Growing up in the late 70s and 80s, there were only a very few exciting role models for girls if you didn’t aspire to be a superhero in hot-pants, or a Prime Minister with a swinging brick for a heart, hated throughout the land, but I digress…
Luckily for me, I have always struggled to pick up on social cues, or miss them entirely, and because gender is mainly a social construct I failed to notice it’s existence.
It genuinely never occurred to me that I couldn’t grow up to be Indiana Jones or Magnum PI, …or B.A. Baracus, and I was going to grow up to be the hero, the tough guy, the main character in my own story.
The only female character I could ever really get on board with was Princess Leia, partly because she was smart, independent and could fight like the boys, but also because my Mum had that exact weird Danish-pastry hairstyle on her wedding photo and it was both familiar and comforting.
As I got older, the social cues for how I “should” behave as a girl got stronger and stronger, to the point where even I couldn’t ignore them anymore.
Initially I was devastated, I had already mapped out my life as a private investigator, with a side-line in treasure-hunting, who would eventually see out my days as a lovable hobo – I couldn’t do any of that as some stupid girl.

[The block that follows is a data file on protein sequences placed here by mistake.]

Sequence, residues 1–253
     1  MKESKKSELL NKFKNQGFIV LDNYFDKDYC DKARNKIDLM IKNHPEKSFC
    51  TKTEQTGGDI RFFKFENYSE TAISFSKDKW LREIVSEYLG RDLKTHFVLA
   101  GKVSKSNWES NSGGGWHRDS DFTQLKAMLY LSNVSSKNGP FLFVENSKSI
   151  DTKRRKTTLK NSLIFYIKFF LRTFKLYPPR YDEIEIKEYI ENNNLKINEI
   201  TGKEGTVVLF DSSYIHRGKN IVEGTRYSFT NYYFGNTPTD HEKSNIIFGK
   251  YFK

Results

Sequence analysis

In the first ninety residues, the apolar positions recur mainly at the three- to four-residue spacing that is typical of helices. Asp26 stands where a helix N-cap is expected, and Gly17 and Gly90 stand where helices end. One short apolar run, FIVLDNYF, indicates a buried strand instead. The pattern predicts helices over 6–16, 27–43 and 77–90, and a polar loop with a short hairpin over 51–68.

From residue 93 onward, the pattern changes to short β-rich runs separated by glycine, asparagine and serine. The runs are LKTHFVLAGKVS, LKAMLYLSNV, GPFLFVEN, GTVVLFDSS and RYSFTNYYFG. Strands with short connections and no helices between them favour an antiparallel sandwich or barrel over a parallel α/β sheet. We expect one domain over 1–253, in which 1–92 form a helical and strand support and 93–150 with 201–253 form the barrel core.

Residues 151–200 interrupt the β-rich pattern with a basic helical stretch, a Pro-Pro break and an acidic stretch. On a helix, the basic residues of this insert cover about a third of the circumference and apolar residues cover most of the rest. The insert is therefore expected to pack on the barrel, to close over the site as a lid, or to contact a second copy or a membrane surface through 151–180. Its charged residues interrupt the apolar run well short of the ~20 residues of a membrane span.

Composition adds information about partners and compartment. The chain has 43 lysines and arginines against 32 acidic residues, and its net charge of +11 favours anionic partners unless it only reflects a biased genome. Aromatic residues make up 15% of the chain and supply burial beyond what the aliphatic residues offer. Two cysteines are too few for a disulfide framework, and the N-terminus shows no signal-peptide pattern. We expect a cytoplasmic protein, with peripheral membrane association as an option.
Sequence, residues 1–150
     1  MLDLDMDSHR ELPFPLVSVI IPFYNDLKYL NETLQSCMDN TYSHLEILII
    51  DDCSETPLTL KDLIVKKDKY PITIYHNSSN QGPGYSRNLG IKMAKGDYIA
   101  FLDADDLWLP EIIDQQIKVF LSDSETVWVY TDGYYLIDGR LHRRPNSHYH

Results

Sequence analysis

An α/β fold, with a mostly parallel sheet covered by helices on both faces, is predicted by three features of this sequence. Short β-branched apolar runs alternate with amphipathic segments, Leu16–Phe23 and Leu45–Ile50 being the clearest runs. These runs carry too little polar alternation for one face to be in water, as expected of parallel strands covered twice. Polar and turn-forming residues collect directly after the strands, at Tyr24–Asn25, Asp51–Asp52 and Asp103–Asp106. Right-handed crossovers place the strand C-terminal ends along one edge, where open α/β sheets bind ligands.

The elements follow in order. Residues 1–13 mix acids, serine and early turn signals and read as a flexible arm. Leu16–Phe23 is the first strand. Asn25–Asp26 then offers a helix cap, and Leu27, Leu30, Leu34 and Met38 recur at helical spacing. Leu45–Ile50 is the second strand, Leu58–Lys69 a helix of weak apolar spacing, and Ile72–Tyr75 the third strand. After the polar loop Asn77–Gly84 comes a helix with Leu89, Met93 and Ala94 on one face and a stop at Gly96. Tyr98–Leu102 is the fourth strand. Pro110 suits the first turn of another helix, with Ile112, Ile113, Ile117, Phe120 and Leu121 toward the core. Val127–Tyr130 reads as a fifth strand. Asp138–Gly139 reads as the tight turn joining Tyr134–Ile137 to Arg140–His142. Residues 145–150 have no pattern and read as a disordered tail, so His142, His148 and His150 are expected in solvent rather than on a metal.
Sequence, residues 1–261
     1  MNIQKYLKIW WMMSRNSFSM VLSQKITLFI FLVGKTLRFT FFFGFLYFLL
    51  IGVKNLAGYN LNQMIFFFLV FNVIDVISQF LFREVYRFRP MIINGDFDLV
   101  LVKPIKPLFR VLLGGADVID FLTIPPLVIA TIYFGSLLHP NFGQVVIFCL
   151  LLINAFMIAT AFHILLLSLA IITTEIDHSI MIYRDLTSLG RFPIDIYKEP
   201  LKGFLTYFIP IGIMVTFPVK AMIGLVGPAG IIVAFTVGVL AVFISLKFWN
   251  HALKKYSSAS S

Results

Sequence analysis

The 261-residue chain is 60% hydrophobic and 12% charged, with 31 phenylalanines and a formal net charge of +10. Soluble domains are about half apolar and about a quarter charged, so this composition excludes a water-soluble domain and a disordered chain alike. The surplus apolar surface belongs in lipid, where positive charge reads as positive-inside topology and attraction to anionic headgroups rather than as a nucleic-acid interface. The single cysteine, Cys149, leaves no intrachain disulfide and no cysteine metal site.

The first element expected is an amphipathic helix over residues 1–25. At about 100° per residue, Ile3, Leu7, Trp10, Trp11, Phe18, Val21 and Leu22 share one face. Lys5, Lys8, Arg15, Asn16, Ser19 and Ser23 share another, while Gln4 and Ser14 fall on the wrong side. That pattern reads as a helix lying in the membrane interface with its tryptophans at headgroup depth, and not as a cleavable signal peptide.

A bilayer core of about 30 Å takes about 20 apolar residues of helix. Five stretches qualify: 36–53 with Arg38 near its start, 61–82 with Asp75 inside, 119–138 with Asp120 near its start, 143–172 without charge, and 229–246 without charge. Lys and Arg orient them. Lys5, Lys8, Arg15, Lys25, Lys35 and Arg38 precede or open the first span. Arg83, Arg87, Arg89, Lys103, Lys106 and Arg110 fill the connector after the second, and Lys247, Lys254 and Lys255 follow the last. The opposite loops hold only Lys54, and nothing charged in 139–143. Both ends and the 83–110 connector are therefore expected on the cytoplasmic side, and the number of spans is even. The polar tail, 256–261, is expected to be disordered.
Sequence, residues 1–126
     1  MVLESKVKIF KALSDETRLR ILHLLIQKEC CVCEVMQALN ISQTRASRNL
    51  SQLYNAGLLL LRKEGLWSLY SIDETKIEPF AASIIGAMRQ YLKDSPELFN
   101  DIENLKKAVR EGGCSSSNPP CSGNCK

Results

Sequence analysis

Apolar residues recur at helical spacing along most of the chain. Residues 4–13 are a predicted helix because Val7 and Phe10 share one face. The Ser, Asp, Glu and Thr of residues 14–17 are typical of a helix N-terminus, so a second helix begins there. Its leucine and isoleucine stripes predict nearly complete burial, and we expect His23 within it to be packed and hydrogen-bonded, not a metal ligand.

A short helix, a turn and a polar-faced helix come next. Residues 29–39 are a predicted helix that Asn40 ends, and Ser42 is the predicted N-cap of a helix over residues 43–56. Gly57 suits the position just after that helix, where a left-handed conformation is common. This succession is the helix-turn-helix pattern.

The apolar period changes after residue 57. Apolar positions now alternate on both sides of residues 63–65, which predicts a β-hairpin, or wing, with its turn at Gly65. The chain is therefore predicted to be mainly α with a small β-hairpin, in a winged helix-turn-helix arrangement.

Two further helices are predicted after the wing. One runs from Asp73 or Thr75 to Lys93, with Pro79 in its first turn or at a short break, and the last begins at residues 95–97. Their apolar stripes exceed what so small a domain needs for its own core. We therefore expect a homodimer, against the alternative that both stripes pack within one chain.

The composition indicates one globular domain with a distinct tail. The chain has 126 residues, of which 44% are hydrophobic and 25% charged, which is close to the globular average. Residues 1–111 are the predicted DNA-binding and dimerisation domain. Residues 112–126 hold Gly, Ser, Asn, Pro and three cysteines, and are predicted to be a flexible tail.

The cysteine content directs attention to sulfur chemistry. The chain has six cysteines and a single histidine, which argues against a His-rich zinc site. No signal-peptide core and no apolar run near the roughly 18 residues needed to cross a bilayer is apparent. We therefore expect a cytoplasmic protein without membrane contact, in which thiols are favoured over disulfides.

As a teenager I started to grow boobs, great boobs, and with great boobs came great power, and not a lot of responsibility, and finally I got on board with being a girl.
…Unfortunately, I was a little behind on actually being a girl and it took me a good few years to catch up on some important socially-constructed behaviour.
Even after that it wasn’t a smooth ride because, on top of the personal grooming issues and behavioural expectations, I’d never really learnt how to talk to girls, all I knew was how to talk AT them – to this day I remain a proud and accomplished woman-splainer.
The power of my boobs has now diminished, or at least changed. Don’t get me wrong they’re still a knock out, but in more of a physically capable of rendering a passer-by unconscious than impressing them kind of a way.
When I look back at my life so far I feel happy and proud to be a girl BUT I do wish I hadn’t let embracing being a girl distract me from realising that I was right first time round; there was no reason I couldn’t be Magnum PI.
…Frankly, at this age, I don’t even have to rule out being able to achieve a Tom Selleck level moustache.
I look at the world now and I see fabulous role models for girls everywhere; amazing comedians, powerful pop divas, women in science, art, even politics, and to my utter delight actual female Ghostbusters AND Jedis.
I’m not naïve enough to assume it’s a done deal, I’ve seen progress before following by a period of recession, but it makes me unbelievably happy to know that this generation of girls could grow up without the assumption that they have to be the sidekick in life.